5. Start networking. Attend every design-related meetup and event in your area. The more designers you know, the more you can refer work to each other. Figure out where new business owners in the area are networking and meeting up, go there, and hand out business cards with discounts. You could even try working out of a coworking space like wework because not only will you enjoy brewed coffee all day while you work, you'll be right in the middle of new businesses, solopreneurs, and startups who will definitely be needing a website as they grow.

Continue to hone your skills, improve your business, and form a niche.

Continue improving in all of the above 5 categories every chance you can get. Freelancing is not for people who dislike learning new skills everyday. Always seek to get fresh inspiration, increase your knowledge, and improve your business practices. All so you can do better work for your clients - and as a result, enjoy your work more.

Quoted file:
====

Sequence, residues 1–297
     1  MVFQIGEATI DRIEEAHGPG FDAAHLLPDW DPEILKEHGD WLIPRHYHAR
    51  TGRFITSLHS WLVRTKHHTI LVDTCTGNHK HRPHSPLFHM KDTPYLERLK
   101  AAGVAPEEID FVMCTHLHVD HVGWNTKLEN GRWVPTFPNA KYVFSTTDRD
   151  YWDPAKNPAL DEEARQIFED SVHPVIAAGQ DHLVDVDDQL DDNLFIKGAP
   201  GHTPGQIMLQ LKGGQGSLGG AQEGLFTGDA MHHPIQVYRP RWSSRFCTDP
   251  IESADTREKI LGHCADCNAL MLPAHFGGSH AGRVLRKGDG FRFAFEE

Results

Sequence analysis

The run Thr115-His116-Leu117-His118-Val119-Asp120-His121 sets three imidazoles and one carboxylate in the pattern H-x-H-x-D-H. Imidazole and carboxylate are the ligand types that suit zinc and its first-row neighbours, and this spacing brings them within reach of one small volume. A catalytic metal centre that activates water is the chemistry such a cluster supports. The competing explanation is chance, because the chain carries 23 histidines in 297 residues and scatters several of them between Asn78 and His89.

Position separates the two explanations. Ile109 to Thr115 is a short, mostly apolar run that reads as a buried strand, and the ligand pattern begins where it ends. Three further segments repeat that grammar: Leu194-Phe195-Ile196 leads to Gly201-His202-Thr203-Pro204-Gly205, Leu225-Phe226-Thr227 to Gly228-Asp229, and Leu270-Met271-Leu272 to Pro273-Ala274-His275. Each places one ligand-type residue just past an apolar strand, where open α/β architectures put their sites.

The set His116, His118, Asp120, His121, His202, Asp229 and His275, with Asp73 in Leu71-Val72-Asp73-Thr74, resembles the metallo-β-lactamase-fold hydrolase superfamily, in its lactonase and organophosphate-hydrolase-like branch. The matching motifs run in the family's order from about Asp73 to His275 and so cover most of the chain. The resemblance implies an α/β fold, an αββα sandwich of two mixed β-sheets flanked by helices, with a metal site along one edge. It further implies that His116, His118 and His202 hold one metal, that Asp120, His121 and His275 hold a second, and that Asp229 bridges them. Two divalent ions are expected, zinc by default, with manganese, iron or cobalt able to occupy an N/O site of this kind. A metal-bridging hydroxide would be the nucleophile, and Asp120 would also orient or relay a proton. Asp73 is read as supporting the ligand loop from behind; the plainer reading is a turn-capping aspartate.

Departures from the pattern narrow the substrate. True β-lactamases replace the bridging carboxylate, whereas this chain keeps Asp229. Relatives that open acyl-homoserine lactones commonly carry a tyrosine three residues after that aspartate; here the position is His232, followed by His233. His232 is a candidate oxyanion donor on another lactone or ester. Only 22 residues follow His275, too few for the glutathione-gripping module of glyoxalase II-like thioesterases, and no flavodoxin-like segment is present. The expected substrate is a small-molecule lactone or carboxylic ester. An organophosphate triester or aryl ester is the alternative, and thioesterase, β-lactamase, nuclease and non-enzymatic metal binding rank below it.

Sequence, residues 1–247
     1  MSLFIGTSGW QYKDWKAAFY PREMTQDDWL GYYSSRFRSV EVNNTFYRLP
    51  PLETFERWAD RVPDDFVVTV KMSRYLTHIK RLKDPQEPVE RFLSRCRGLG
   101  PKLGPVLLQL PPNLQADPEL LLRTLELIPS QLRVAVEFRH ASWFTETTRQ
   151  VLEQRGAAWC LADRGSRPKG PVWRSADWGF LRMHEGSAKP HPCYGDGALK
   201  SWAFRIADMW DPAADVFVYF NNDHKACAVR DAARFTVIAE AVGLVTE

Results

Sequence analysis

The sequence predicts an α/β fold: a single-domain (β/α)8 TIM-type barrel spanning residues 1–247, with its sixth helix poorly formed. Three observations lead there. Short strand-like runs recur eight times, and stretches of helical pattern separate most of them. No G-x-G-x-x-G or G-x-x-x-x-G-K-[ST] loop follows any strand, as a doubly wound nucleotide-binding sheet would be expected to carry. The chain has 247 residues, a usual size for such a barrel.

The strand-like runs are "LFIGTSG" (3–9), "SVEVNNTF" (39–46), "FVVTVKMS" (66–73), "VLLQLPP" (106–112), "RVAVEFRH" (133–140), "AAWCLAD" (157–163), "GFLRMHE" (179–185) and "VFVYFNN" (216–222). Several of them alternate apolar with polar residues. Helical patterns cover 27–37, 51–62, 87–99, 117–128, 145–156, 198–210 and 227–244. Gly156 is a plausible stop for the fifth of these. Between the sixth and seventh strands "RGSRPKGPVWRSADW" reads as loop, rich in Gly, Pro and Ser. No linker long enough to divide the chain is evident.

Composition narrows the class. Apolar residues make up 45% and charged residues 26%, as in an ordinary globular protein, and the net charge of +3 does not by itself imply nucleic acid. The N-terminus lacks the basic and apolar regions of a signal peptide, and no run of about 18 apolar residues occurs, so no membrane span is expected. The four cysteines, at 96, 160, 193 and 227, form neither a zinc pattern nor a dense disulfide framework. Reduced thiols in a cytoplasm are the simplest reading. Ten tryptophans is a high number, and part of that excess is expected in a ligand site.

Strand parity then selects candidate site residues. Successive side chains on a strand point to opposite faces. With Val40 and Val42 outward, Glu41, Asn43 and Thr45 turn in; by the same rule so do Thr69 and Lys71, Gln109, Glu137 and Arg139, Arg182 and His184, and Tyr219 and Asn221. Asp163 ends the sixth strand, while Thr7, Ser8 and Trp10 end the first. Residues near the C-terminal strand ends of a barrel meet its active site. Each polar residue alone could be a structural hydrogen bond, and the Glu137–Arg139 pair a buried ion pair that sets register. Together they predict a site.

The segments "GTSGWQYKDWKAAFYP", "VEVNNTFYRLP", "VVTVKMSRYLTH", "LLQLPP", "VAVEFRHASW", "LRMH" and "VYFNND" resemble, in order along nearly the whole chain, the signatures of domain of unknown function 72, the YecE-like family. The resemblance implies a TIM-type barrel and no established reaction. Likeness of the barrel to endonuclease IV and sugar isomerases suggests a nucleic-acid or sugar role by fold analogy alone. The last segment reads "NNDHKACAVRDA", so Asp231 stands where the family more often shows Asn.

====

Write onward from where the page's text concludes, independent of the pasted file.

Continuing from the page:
As you get your bearings and a better understanding of what you like and don’t like, begin to decide what your speciality and niche is. Don’t be all things to all people. Be your favorite things to the right people. You may find you love writing the text content for your websites more than anything else; Become a content-focused website studio. You may find you hate coding and building out technical systems; let clients know that’s not a service you offer, or subcontract it. The more specific you can be about the kind of work you’re best at, the more the right fit of client will not be able to resist you.

Enjoy running your own business, exploring new creative ideas everyday, and getting paid to have one of the most fun jobs in the world.

What questions do you still have? What would you have included in this roadmap? Comment below!